THE CITY OF MITCHELL.

     Mitchell, Marion township, was named in honor of Gen. O. M. Mitchell, an officer in the Federal army, who died at Huntsville, Alabama, in 1862.  The location of the town is on the south half of section 36, town 4 north, range 1 west, and on the north half of section 1, town 3 north, range 1 west, and was platted on September 29, 1853, by G. W. Cochran and John Sheeks.  Good railroad facilities are afforded the people of this town, the Baltimore & Ohio and the Chicago, Indianapolis & Louisville, or the Monon, passing through the town at present.  West Mitchell, an addition, was laid out January 17, 1859, by Jonas Finger, and on November 26, 1865, there was another addition by D. Kelley & Company.  Since that time other additions have been made and now the town covers quite an extent of territory.  Some earlier merchants were Silas Moore & Son, John R. Nugent and Robert Barnard.  J. T. Biggs and G. W. Dodson were early druggists.  Sam Cook was the premier blacksmith, and J. T. Biggs was the hotel keeper.  In 1860 the town contained six hundred and twelve people, and in 1880, one thousand, four hundred and forty-three.

INCORPORATION AS A TOWN.

     On December 23, 1864, Mitchell was incorporated as a town.  Joshua Budd, R. Barnard and Z. L. Warren were named as the first trustees, and A. T. McCoy, the first clerk.  McCoy resigned later in favor of H. S. Manington.  The same officers served in 1865.  In 1866, S. Moore, J. D. McCoy and F. M. Lemon were elected trustees, and H. S. Manington, clerk.  In 1867, the trustees were S. Moore, J. D. McCoy, and William A. Burton.  In 1868, S. Moore, J. D. McCoy and Z. L. Warren.  The following list gives the successive trustees, with the year of their entrance into office, from 1869 until the time of incorporation as a city; 1869, W. V. T. Murphy, A. L. Munson, Samuel Cook; 1870, same officers; 1872, Allen Edwards, J. P. Tapp, William A. Burton; 1873, Isaac B. Faulkner, Isaac H. Crim, James A. Head; 1875, Allen Edwards, Dennis Coleman, Jacob J. Bates; 1876, James D. Moore, A. A. Pearson, David L. Fergurson; 1877, John Mead, I. H. Crim, Milton N. Moore; 1878, John O'Donnell, James Richardson, Jacob Bixler; 1879, John O'Donnell, James Richardson, Jacob Bixler; 1880, George Z. Wood, James D. Moore, George W. Burton; 1881, Thomas Richardson, Wilton N. Moore, William J. Humston; 1882, Milton N. Moore, William H. Edwards, Thomas Richardson; 1883, Milton N. Moore, Charles W. Campbell, William H. Edwards; 1884, John Mead, M. N. Moore, Thomas Welsh; 1885, A. Edwards, F. J. Wolfe, H. H. Crawford; 1886, M. N. Moore, H. A. Trendley; 1887, Abbott C. Robertson; 1888, H. A. Trendley, 1889, Allen Edwards, Gus Levy; 1890, Cam Cook, F. R. Blackwell; 1891, Allen C. Burton; 1892, James D. Moore, F. R. Blackwell; 1893, Milton N. Moore; 1894, William Newby, John Mead; 1895, J. L. Holmes, Sr., Ralph Prosser; 1896, Charles Coleman, Ralph Prosser; 1897, M. N. Moore; 1898, Thomas W. Welsh, Fred R. Blackwell; 1899, same; 1900, David Kelly, M. N. Moore, James F. Mitchell; 1901, David Kelly, Henry Scott, James F. Mitchell; 1902, G. W. Walls, Lewis Barlow; 1903, George W. Walls, Henry S. Scheibe, Lewis Barlow; 1904, M. N. Moore, H. Scheibe, Henry Chapple; 1905, H. S. Scheibe, Harry Chapple, and Noble L. Moore; 1906, Harry Chapple, John L. Murphy, and N. L. Moore; and in 1907, Chapple, N. L. Moore and John T. Murphy.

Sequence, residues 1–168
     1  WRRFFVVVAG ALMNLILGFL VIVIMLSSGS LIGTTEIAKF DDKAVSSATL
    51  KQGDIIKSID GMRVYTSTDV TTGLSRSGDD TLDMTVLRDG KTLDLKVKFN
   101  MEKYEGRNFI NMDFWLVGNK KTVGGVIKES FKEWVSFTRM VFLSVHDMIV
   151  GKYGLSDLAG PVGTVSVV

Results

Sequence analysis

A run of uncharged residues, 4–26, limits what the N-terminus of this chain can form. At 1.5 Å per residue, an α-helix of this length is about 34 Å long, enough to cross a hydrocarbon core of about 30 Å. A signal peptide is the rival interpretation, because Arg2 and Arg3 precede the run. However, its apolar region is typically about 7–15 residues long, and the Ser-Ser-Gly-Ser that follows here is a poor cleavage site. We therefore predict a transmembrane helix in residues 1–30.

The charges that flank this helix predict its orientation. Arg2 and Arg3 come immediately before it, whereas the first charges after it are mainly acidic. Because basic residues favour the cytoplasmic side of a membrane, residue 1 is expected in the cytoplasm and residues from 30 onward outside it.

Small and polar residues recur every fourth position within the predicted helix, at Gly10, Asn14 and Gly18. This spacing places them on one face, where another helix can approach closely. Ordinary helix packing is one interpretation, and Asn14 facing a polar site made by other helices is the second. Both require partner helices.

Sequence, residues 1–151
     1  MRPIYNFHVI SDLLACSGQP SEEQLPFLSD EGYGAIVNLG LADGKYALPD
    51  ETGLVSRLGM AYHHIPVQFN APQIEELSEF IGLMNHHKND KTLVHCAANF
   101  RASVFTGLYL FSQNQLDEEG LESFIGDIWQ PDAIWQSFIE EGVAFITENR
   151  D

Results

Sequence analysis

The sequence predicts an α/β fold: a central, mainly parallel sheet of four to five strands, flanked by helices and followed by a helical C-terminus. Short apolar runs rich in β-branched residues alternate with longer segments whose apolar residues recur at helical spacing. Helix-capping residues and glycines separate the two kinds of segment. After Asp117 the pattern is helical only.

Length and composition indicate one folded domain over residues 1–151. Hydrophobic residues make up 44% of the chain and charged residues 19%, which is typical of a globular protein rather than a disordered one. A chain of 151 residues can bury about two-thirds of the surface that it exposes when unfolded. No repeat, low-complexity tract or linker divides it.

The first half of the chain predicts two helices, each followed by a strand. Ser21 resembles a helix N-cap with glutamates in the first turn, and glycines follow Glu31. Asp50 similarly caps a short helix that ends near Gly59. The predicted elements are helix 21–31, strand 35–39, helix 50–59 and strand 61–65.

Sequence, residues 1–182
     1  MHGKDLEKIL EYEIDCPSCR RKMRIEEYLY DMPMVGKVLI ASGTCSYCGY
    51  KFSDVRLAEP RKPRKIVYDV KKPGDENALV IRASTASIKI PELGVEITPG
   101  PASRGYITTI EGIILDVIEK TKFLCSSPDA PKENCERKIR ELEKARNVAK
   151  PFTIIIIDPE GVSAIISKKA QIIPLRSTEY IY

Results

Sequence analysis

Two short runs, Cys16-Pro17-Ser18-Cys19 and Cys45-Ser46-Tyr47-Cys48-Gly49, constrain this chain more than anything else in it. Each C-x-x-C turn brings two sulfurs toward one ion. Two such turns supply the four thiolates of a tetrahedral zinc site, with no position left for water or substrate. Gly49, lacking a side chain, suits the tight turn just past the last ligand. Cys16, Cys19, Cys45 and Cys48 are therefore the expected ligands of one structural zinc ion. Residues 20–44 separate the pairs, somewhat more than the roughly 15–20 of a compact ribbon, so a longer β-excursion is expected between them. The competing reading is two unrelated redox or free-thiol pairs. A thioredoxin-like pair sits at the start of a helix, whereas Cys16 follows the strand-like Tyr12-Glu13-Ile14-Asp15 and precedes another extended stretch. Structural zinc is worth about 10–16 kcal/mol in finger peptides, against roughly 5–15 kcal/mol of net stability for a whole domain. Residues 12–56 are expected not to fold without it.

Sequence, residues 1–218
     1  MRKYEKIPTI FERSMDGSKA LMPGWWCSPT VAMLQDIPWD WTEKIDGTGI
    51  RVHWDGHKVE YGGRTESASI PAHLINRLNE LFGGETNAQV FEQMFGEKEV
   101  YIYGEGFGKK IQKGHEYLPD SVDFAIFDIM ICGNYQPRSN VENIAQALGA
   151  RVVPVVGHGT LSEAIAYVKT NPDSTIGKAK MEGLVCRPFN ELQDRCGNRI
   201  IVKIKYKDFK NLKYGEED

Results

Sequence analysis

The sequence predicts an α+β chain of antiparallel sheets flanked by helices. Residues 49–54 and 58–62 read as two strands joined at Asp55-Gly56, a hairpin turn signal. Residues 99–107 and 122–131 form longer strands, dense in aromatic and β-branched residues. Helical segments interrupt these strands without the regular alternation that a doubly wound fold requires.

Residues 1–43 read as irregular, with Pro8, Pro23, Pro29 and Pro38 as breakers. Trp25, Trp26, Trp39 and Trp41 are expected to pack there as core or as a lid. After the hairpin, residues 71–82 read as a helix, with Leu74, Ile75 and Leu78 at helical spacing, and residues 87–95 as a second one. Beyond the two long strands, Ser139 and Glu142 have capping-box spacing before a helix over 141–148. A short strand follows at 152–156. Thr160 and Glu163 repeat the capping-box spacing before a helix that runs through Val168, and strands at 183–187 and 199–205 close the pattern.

INCORPORATION AS A CITY.

     On July 29, 1907, an election was held in Mitchell to determine whether or not the town should be incorporated as a city, under the statutes of Indiana.  The result was a majority of four hundred and nine in favor of incorporating.  The town was divided into three wards, and an election ordered for August 23, 1907, to elect the mayor, clerk, treasurer, and five councilmen, one for each ward, and two at large.  The result was as follows:  Mayor, William L. Brown; treasurer, Harry V. Shepherd; clerk, Clyde A. Burton; councilmen, Thomas W. Welsh, William H. Dings, John L. Holmes, John B. Sims and John A. Dalton.  E. Massman later too the place of Dalton. Frank L. Dale was appointed chief of police, Dr. James D. Byrnes, health officer, and Sam S. Doman, city attorney.  The first regular meeting of the common council was held on September 2, 1907.
     Mayor Brown resigned on January 30, 1909, and Clyde A. Burton took the office, Perry M. McBride succeeding as clerk.  Burton, in turn, which on June 11, 1909, and William H. Dings was appointed mayor pro tem, which office he held two weeks.  William Stipp was elected by the council on June 25, 1909.  At the regular election on November 2, 1909, the following city officers were chosen, and are at present active: Mayor Joseph T. Dilley; clerk, Kenley E. Harn; treasurer, Edward M. Keane; councilmen, Will D. Ewing, Joseph A. Munger, Frank Collier, Albert Morris and Walter C. Sherwood.
    
The city of Mitchell has had a wonderful growth during the last ten years.  The population by the census of 1900 was 1,772, and in 1910 the startling increase was made to 3,438.  In 1910 the total assessed valuation, less mortgage exemptions, was $953,505.  In the city clerk's report for 1910, the city bonds outstanding amounted to $15,500, which has since been reduced to $13,700.  The gross debt then was $27,702, but this has been lowered to less than 23,000.  The cash in the City treasury at present amounts to $4,563.  The electric light plant of Mitchell was established in February, 1907, with a one-thousand-light dynamo.  Seven thousand dollars in bonds were authorized by the council when the subject of a light plant was first forwarded, and accordingly the money was borrowed.  The plant in 1910 embraced thirty-six arc lights, and twenty-six hundred incandescents.  The Central Union Telephone Company was granted a twenty-five year franchise on July 16, 1897.

BUSINESS INTERESTS OF 1913

BANKING INTERESTS

LEHIGH PORTLAND CEMENT COMPANY
    

GUTHRIE TOWNSHIP